Taxing Modern Families Part I: Mapping the Families of Tax

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The Tax Code contains not one, but two conceptions of family. Existing scholarship does not address this puzzle but instead takes one of two views on the family — either the family is a tool for avoiding taxes or it is a source of discrimination. Current scholars, motivated by the discrimination concern, reject the relevance of kinship to tax and argue for an increasing focus on the individual. This Article takes a different approach. Utilizing the status/contract distinction familiar to family law scholars, it explains the puzzle of the multiple families in the Code, identifying the two families of the Code and their respective functions. Specifically, this Article shows that when we convey benefits through the Code we understand family as broad and contract-based. On the other hand, when our goal is to root out or head off tax gaming and avoidance, we constrict our notion of family to that of the nuclear, status-based family. Current reform proposals undervalue the importance of family to the prevention of avoidance and evasion, make targeting beneficial provisions more difficult, and inhibit the challenging work of reforming the Code to be both administratively feasible and non-discriminatory. Contrary to the current scholarship, this Article argues we should neither cut kinship from the Code nor rely exclusively upon the contract family. Instead, this Article creates a framework for modernizing the tax treatment of the family that utilizes kinship and both the status and contract families to maintain fairness and administrability, testing that framework on the §32 Earned Income Tax Credit.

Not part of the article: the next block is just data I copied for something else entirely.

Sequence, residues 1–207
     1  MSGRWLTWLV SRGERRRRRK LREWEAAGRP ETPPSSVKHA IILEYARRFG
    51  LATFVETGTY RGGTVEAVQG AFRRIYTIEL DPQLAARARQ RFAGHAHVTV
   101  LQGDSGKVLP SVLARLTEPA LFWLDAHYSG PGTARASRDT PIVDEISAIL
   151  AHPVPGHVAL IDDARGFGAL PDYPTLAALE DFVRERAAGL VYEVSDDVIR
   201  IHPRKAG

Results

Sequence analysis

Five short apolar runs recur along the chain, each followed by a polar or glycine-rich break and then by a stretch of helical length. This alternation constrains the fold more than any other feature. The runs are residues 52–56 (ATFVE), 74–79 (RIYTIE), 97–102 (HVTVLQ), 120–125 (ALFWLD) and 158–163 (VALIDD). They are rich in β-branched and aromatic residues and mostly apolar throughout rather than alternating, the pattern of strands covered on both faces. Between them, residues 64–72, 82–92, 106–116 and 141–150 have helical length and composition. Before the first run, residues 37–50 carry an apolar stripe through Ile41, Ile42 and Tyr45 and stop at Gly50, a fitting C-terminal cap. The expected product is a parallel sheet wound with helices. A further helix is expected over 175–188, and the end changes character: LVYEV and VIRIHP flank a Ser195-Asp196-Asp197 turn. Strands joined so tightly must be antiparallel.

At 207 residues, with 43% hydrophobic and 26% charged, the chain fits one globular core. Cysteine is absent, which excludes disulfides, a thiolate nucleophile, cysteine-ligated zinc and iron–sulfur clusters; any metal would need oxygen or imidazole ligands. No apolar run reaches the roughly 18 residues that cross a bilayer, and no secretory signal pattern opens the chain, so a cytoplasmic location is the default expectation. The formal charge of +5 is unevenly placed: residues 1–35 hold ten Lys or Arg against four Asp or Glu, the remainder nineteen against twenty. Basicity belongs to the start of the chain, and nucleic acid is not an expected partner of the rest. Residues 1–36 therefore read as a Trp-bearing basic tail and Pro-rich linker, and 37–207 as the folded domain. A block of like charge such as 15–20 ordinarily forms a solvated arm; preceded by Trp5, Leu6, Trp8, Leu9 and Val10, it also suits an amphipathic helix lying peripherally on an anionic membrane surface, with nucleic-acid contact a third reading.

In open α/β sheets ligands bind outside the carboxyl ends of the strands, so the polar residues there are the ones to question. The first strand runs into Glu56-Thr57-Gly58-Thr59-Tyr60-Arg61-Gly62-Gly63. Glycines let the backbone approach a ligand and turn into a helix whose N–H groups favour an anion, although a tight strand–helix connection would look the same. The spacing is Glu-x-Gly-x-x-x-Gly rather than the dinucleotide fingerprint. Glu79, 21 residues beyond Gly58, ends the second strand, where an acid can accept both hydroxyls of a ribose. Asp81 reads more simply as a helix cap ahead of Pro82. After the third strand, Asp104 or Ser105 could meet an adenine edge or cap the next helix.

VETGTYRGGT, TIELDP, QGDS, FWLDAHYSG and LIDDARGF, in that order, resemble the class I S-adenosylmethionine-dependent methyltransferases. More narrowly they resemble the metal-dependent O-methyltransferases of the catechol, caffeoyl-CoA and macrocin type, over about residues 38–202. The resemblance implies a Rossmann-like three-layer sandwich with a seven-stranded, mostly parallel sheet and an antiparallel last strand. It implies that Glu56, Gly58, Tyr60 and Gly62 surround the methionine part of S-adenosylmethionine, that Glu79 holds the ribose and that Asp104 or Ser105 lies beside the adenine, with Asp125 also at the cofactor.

Originally published in the Virginia Journal of Social Policy and the Law, 2015.